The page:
ArtsRevive starts new quilting group
For the past few months, ArtsRevive has started a new group that meets every Tuesday from 9-11 a.m.
Overlooking the Alabama River, quilting enthusiasts of all levels have a tranquil setting to do what they love to do.
“We started in October,” said Executive Director Becky Youngblood.
Youngblood added the group donates completed quilts to the Bloom House, which houses children for foster care. “We have already donated nine quilts to the Bloom House and we have more that we are getting ready.”
Youngblood said the experience level in the groups is across the board.
“We have some people that have been doing this for over 50 years and some that are just starting out and everything in between,” she said.
For Faye Messer, sewing has been a huge part of her life.
“I’ve been sewing for a long time,” she said.
Quilting for Messer is something she can also give to her family.
“My great-grandchild is two and we have different things that we work on,” she said. “You have to do it right the first time because you don’t want to tear it apart.”
Suzie Watkins is still fairly new to the group.
“When my mother died, she had several quilts that was my grandmother’s,” Watkins said.
Watkins took to YouTube and began learning how to add to the collection.
“I looked on YouTube and my daughter bought me this sewing machine,” she said. “I’m really a hands-on person. That is how I learn.”
While Watkins has been sewing for a while, quilting is another feat.
“Even though you know how to sew, quilting is a different ball game,” she said. “You have to know how to cut and cut the right amount and put it all together. I make sure everything is right all the adjustments and everything. I take a day and I get everything organized.”
Sue Adams has been quilting for about 10 years, and has even taken classes on how to improve her skills.
“I’ve gone to workshops in Montgomery and they offer quilting classes,” she said. “I took it upon myself to go. Whenever I get stuck on something, I like to learn more about it. I’ve taken several of them throughout the years.”
Adams said her beginnings in quilting came from her relatives.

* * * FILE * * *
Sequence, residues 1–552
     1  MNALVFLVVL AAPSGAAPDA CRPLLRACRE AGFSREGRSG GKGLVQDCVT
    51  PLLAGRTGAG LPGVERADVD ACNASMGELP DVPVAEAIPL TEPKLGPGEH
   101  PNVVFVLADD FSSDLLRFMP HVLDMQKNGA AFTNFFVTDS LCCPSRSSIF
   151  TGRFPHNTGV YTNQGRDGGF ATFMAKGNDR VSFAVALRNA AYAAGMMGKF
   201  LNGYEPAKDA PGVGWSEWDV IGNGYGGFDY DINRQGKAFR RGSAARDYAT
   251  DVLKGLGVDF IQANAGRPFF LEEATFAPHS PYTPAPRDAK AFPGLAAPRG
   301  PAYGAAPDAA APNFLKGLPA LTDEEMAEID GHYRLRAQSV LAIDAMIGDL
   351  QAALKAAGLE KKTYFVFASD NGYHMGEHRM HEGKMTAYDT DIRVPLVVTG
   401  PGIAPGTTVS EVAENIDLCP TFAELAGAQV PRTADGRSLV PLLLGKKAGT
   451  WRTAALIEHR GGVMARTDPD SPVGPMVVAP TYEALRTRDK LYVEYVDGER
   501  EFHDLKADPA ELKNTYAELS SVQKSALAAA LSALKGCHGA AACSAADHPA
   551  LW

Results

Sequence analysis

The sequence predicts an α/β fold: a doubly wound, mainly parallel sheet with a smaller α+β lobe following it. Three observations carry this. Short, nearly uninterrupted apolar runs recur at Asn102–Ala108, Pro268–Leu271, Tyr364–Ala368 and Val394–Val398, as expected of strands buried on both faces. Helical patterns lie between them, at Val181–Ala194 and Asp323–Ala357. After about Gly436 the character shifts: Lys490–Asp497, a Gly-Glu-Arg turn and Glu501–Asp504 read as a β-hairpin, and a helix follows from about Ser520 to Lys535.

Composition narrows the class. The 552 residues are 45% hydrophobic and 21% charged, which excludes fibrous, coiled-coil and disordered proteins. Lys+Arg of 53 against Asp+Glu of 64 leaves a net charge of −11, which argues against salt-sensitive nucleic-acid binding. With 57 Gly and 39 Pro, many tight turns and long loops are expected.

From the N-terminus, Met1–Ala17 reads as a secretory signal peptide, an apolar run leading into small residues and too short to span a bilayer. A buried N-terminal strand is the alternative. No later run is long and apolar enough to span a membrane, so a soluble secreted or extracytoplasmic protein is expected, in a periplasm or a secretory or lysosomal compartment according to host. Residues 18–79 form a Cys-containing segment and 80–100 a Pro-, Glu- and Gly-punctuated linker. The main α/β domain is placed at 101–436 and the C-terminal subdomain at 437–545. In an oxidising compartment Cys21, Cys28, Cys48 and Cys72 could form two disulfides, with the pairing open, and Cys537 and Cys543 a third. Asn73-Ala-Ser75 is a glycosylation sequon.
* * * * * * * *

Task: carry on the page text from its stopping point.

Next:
“My dad’s aunts did this and I’ve sewn,” she said. “I just wanted to take up quilting. I was just really interested in it. The process of putting things together is like a puzzle. You either like it or you don’t. One thing about quilting is that it takes getting used to. It takes a lot of practice because you have to learn how to cut accurately. When you work on it and it starts going together you great really excited about it. Part of the fun is the planning of it.”
“I bought one book that has some plans in it,” Adams said. “Sometimes you can take the books and follow them exactly and sometimes you can get an idea of what you can do and you can kind of move off from it. We love it. It becomes a passion for so many people. I know it’s a passion for me. It just takes practice. There’s enough of us we don’t know everything but each of us knows something about this and we can pass to someone else. That’s what life is all about.”
On the wall behind the sewers sits a quilt that won the People’s Choice Award for the 2017 Roots and Wings Art Show.
The piece, titled “Secret Haven,” was made by Susan Morgan.
The quilt is made of different pieces of fabric that are dyed different colors to make a picture. This quilt depicts a forest scene and serves as an inspiration for the quilting group.
“I want to do one but I’m not sure how it will turn out,” said Messer. “Can you imagine how long that must’ve taken to do? It’s not a quilt you use.”
“We purchased the quilt after it won,” Youngblood said. “If you get up close to it, the material is hand dyed and if you look at the trees and all that you can see it. Her [Morgan’s] work is just amazing. I’ve never seen anything like it. The people at the show last year just stood in awe of it.”
Youngblood said anyone interested in joining the group is welcome.
“We have a lot of fun,” said Messer adding that the group shares pattern ideas, helps each other complete their projects and shares humorous stories to keep each other entertained while they work.
“We have a lot of fun,” she said. “Never a dull moment.”